Definition of distract in English:

distract

Line breaks: dis|tract
Pronunciation: /dɪˈstrakt
 
/

verb

[with object]
1Prevent (someone) from concentrating on something: don’t allow noise to distract you from your work
More example sentences
  • Reverting back to a glossary distracts a reader from concentrating on the science in an article.
  • It distracted him enough to prevent a quick victory, but not enough to let Jeremy win.
  • Now I'm rambling, but these thoughts distract me from concentrating on my work and I must let them out.
Synonyms
divert, deflect, sidetrack, turn aside/away, draw away; disturb, put off, cause to lose concentrationdisturbing, unsettling, intrusive, disconcerting, bothersome, confusing
informal off-putting
1.1Divert (attention) from something: it was another attempt to distract attention from the truth
More example sentences
  • There is always a danger that new hi-tech systems will distract attention and divert energies from effective policing.
  • Remember, Gilligan made possible Alastair Campbell's diversionary tactic that distracted attention from the argument about the need for war.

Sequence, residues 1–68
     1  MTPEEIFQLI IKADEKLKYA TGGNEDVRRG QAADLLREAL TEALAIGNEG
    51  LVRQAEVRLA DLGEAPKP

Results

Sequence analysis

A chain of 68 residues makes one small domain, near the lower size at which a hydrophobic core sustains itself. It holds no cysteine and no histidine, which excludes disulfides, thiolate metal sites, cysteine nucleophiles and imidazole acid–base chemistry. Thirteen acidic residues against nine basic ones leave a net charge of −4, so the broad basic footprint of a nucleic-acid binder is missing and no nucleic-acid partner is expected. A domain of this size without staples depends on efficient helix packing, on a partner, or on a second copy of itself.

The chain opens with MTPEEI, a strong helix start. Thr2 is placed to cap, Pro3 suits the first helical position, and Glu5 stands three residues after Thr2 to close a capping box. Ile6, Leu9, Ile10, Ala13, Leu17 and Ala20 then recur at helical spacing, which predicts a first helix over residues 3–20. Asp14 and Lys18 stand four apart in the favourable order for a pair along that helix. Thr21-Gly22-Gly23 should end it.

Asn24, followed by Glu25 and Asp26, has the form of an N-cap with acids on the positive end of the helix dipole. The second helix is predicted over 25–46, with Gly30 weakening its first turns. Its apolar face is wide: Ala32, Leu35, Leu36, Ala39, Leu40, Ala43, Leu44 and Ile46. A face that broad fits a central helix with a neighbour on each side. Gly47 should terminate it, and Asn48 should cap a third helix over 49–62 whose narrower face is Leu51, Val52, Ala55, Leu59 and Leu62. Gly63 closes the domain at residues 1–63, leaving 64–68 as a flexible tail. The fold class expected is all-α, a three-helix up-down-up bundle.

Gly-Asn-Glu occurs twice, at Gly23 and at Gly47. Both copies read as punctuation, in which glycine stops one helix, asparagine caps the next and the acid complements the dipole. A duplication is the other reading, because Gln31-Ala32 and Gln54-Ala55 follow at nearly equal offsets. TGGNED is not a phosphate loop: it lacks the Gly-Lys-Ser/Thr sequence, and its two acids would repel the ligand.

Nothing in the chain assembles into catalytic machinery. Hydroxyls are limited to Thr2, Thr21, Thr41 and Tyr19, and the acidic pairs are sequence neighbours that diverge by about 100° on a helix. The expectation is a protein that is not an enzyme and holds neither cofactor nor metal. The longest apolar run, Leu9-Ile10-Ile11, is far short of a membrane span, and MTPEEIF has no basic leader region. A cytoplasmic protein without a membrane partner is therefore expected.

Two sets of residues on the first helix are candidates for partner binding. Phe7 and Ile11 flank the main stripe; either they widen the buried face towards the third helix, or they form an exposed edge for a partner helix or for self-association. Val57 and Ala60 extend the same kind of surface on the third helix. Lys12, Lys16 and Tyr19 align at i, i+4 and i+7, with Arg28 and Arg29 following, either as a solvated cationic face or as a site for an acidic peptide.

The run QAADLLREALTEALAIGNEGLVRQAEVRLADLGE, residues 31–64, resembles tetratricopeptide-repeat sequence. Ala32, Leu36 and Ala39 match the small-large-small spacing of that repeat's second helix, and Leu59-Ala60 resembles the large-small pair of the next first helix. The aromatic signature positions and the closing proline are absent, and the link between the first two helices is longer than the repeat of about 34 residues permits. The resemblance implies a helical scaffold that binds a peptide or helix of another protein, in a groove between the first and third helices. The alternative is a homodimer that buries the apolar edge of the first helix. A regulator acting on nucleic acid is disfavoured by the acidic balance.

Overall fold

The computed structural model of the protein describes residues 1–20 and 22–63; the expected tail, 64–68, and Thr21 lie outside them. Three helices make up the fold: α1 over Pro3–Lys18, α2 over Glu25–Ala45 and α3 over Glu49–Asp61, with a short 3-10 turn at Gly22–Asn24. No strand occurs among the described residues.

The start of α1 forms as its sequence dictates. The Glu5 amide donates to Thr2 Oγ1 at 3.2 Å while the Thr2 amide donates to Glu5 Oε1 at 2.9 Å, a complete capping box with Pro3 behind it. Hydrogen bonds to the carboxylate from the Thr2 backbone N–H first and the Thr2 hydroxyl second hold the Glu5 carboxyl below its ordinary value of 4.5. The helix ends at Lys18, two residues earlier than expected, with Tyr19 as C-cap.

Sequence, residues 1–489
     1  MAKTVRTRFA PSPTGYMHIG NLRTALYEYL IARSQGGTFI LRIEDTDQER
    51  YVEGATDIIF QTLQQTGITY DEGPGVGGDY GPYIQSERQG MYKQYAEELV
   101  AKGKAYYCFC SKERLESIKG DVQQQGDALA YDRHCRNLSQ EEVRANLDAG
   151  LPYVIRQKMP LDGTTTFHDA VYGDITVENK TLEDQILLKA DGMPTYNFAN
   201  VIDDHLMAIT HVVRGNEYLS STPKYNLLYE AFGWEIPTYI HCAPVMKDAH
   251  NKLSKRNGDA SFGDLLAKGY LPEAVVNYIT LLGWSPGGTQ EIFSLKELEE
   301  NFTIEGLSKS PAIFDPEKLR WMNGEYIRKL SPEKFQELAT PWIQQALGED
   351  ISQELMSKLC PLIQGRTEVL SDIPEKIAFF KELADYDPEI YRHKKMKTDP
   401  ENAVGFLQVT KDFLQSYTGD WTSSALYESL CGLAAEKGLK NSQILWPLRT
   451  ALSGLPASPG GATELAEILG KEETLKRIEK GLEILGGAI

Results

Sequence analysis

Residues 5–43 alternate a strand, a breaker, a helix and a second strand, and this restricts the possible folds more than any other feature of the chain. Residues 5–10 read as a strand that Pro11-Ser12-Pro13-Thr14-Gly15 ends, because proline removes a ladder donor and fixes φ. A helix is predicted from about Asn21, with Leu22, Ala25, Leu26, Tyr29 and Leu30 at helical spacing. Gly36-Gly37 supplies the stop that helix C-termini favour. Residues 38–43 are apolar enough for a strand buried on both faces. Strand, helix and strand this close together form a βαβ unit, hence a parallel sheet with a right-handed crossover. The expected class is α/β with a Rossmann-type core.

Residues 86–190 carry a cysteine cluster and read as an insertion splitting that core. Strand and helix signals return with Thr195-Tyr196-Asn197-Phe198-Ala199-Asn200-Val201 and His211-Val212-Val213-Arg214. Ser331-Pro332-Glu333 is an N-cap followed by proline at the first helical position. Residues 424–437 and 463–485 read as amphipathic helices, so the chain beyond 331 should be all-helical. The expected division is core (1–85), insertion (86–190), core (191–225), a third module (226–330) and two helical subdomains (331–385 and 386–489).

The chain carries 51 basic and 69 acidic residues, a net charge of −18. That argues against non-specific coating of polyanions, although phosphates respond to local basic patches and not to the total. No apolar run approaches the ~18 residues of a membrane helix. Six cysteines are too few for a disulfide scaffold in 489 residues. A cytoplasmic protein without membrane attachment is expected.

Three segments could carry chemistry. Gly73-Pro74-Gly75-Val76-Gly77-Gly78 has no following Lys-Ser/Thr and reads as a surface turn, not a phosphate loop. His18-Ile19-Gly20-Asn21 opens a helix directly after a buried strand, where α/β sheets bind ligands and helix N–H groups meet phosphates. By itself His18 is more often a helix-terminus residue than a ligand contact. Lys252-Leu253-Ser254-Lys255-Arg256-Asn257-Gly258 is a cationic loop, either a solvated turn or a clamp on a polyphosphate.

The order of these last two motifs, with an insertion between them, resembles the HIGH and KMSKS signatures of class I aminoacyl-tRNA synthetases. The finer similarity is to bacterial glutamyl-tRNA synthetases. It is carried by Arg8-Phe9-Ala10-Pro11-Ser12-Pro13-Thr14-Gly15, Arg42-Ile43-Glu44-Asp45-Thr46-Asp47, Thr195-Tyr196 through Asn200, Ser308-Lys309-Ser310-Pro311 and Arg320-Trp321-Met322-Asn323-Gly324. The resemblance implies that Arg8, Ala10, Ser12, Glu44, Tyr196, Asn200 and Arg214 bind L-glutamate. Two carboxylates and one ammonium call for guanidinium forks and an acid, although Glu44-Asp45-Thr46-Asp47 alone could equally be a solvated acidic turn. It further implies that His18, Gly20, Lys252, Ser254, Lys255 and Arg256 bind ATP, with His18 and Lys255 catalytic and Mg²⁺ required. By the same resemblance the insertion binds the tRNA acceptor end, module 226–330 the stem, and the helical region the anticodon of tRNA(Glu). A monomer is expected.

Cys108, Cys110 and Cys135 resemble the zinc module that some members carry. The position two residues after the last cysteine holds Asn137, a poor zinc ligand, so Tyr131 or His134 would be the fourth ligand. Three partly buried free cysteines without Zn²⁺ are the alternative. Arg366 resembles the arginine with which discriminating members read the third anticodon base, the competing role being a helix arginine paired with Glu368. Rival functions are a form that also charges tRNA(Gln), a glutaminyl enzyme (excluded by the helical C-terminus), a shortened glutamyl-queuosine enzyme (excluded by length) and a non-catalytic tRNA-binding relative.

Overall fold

• The use of fashions in thought is to distract the attention of men from their real dangers.
1.2 (distract oneself) Divert one’s attention from something unpleasant by doing something different or more pleasurable: I tried to distract myself by concentrating on Jane
More example sentences
  • They walked in silence into the woods, and Jonathon focused most of his attention on the scenery to distract himself.
  • So, are you so over-committed because you're distracting yourself from the absurdity and meaninglessness of life?
  • You are thinking incredibly wrongly and are only distracting yourself from enjoying the rest of this.
1.3 archaic Perplex and bewilder: horror and doubt distract His troubl’d thoughts

Origin

late Middle English (also in the sense 'pull in different directions'): from Latin distract- 'drawn apart', from the verb distrahere, from dis- 'apart' + trahere 'to draw, drag'.

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